Her weapon is equally awesome, consuming little ammo while dealing good damage and piercing through shields and projectiles otherwise unpierceable. Really made some minibosses a breeze, like those stupid elephants. >=(
However, there is a reason she isn’t higher: her stage. It’s incredibly well designed, presenting the player with spikes, fun little octopus enemies, a bubble section reminiscent of Wave Man’s(a boss whose stage was his only asset, unfortunately), and other obstacles. But that last few rooms with the water platforms over spikes can suck it. Especially the last one. I died to it a lot, and it soured my experience a bit.
Overall, tho, Splash Woman is the best Robot Master from Mega Man 9, worthy of making a splash on this list.
7. Shade Man(Mega Man 7)
Like Mega Man 10 and 8, Mega Man 7 wasn’t perfect when it came to Robot Masters. Freeze Man was generic, Burst Man’s theme didn’t quite make sense, and the less said about Cloud Man, the better. But it did have some okay/good bots-Junk Man’s okay, Slash Man’s cool, and, heck, even Spring Man isn’t bad(yeah, I said it. Fight me). But out of all of them, the best would have to be Shade Man.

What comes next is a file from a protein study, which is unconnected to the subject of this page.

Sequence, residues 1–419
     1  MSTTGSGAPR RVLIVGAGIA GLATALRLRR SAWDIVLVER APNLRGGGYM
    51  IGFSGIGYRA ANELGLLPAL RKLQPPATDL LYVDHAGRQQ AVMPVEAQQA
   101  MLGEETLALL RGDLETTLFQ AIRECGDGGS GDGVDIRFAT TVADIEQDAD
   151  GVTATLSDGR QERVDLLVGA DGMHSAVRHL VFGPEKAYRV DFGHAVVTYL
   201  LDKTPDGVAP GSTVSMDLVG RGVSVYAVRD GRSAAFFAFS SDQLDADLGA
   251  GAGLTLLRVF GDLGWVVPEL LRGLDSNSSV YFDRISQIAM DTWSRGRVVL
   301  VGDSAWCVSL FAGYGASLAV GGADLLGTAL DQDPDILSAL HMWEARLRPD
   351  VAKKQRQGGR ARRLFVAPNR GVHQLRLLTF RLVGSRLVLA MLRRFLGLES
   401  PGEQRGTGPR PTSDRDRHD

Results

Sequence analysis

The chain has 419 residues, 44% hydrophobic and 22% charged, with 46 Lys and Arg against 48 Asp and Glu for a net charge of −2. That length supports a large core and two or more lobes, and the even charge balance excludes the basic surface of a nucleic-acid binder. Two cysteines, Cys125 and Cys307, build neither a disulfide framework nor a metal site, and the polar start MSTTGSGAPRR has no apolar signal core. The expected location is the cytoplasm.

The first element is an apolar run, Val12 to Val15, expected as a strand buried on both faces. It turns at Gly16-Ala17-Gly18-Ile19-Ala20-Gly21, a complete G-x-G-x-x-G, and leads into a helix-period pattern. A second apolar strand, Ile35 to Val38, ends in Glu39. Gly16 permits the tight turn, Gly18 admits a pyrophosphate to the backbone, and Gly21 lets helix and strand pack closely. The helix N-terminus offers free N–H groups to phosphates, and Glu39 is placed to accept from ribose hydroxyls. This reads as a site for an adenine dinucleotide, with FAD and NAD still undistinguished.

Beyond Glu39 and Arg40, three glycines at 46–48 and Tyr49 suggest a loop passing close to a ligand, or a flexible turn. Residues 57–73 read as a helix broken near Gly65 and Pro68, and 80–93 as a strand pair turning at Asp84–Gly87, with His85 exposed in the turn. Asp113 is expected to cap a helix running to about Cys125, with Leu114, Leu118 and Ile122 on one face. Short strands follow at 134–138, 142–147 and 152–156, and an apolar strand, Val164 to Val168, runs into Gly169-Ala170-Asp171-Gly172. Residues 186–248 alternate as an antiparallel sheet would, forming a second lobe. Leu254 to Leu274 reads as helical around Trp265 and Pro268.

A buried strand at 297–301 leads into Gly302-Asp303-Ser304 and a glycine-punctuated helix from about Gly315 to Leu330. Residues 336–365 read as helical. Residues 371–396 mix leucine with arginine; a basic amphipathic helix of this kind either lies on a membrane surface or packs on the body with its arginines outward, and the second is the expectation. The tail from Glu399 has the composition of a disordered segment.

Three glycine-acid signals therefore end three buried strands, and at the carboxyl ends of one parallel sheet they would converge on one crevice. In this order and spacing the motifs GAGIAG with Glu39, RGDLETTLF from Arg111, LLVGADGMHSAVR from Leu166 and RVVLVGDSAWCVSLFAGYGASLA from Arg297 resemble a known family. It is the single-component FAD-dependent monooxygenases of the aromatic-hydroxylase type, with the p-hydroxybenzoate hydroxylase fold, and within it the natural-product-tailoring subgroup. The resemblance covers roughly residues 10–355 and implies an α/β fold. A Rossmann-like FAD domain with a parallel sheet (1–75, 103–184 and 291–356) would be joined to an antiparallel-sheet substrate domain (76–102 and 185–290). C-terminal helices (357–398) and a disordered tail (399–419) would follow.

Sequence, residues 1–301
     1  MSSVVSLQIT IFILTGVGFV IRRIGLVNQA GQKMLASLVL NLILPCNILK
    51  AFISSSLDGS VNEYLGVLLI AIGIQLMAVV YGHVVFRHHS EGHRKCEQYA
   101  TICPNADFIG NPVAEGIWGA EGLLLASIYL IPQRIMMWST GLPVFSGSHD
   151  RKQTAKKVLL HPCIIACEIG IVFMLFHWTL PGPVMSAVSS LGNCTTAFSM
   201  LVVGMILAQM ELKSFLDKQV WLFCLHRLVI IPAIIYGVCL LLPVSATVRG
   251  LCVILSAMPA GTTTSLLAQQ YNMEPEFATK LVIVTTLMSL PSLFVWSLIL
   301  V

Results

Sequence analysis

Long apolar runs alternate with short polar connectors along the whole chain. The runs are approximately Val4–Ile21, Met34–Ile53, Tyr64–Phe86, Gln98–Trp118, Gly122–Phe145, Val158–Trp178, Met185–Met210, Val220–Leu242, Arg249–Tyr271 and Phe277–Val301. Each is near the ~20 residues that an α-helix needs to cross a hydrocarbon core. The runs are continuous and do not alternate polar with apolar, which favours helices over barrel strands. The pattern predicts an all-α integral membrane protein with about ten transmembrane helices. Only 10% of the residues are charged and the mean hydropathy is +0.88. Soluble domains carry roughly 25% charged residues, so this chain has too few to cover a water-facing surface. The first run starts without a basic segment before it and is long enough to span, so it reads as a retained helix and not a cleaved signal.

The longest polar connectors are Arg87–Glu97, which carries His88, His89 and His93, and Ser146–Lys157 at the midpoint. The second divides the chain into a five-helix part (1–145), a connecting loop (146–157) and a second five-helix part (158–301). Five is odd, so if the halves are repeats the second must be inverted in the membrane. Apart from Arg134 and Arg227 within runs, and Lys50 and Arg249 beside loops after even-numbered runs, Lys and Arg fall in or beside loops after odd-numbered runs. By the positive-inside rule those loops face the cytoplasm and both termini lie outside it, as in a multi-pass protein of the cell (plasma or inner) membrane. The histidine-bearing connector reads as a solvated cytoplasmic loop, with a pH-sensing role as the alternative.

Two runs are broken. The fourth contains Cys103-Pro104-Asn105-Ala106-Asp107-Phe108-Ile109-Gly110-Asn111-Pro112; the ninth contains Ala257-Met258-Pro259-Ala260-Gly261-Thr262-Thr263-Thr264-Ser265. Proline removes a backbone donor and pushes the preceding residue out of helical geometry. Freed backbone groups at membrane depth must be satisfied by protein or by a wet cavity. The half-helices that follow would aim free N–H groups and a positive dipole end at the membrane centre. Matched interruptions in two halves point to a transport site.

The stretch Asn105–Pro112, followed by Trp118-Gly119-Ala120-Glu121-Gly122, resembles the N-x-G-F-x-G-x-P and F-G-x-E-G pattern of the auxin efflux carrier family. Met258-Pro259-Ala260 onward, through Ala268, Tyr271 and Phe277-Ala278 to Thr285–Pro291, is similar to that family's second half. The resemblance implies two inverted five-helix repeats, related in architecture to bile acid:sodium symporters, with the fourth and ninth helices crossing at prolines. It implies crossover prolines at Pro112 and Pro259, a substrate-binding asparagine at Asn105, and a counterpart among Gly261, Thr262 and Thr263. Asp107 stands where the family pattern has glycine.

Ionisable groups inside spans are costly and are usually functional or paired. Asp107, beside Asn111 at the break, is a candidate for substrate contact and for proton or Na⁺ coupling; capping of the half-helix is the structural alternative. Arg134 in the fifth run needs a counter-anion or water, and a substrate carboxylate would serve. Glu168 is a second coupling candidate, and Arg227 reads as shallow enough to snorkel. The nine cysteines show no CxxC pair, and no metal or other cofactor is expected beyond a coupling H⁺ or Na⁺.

For starters, his design is pretty cool. You can definitely see the inspiration from Bram Stoker’s depiction of Dracula-the hooked nose, the long face, and the thin figure. The giant buster cannon is a bit much, but the wings and the talons tie the thing together well enough.
And his stage is a blast to play through, taking place in a graveyard/cemetery with robot zombies which fall apart after taking enough damage, robot crows, and a giant pumpkin miniboss. The Proto Man fight is neat, but pretty bleh unless you’re a savant at dodging, so I’m not gonna talk about it much. Overall, good stage. And as for music, the theme is good enough, but the Ghosts and Goblins easter egg was a really nice touch.
As for his fight, it is a tad easy if you have good timing, as you can lock him into a pattern of getting hit with the Wild Coil, falling, and then flying up while still being in range. But when he isn’t locked, he’s pretty tough, being difficult to hit unless you charge the coil and having a pretty tough to avoid sweep attack which drains your health to add to his own if he catches you.